More than half of the world's population now lives in cities, yet we know little about how urbanization affects biodiversity.

In one the first studies of its kind, ecologists in Indianapolis, USA have used 70-year-old dried plant specimen to track the impact of increasing urbanization on plants.

Led by Dr Rebecca Dolan, director of the Friesner Herbarium, Butler University, the team examined 2,800 dried plants collected around Indianapolis before 1940 and compared these with plants they and their students found at 16 field sites between 1996 and 2006.

The study found that that increasing urbanization has wrought major changes to Indianapolis's plant species. Although the city supports a similar number of plant species - around 700 - today's flora has fewer native plants and more non-native species, which have been introduced from other parts of the world and are now spreading on their own.

The study found that over the past 70 years, Indianapolis's native plants have been lost at a rate of 2.4 species per year, while over the same period 1.4 non-natives arrive each year.

 This study shows that our flora is becoming less distinctive, Dolan said in a statement.

Plants now lost to Indianapolis include Queen-of-the-prairie (Filipendula rubra), a member of the rose family with fantastic wands of pink flowers. It was last found growing in a damp spot by the Water Canal at 52nd Street in July 1935. Another loss is the Virginia bunchflower (Melanthium virginicum), a member of the lily family with striking stalks of white flowers.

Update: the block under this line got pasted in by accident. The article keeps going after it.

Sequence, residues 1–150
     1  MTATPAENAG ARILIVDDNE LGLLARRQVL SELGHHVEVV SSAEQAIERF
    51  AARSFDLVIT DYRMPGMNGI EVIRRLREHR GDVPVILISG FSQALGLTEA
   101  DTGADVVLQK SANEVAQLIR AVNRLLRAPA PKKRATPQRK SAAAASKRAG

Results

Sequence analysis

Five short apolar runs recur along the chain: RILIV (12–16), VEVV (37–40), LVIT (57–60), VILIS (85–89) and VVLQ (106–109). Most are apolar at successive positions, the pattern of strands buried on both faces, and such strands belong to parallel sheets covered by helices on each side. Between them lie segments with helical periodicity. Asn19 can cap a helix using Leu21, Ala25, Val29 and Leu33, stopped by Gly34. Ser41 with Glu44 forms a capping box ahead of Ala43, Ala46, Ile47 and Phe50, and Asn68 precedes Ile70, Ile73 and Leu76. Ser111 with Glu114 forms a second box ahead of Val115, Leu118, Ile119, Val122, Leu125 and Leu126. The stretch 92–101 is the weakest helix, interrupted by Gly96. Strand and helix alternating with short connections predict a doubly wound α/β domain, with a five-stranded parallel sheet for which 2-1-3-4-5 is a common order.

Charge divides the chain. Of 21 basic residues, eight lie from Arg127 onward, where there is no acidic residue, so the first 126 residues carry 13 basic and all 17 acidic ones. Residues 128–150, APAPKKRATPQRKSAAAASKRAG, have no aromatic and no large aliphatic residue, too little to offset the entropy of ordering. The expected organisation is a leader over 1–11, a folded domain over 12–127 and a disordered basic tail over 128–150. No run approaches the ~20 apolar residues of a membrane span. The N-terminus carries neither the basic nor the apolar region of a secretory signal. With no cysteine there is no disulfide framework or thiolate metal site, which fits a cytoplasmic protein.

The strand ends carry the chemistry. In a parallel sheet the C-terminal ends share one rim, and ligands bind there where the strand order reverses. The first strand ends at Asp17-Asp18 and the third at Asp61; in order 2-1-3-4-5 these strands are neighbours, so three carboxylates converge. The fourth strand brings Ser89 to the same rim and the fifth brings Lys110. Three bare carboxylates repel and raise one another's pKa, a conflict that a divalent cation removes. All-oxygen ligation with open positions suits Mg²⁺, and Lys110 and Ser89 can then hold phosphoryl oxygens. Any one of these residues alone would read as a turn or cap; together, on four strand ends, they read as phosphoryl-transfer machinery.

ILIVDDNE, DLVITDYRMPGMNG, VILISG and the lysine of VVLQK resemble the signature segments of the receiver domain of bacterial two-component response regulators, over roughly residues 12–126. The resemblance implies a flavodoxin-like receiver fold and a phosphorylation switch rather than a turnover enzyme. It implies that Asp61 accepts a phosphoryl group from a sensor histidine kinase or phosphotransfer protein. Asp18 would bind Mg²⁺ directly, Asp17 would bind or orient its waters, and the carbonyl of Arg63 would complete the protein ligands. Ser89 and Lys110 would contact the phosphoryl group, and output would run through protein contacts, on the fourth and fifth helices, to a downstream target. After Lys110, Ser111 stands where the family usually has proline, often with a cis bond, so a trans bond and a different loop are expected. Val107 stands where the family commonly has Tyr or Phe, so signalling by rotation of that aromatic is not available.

The study has important lessons for cities, biodiversity and the potential dangers posed by non-native species.

As cities continue to grow, urban green spaces are becoming important refuges for native biodiversity and for people. In coming decades, most people's contact with nature will be in urban settings, so the social importance of urban plants has never been greater, Dolan said.

A clear message for the future is to be careful when planting non-native material, especially in great numbers, due to the likelihood of introduced non-native plants becoming pests, she says.

The results of the study are published last week in the British Ecological Society's Journal of Ecology.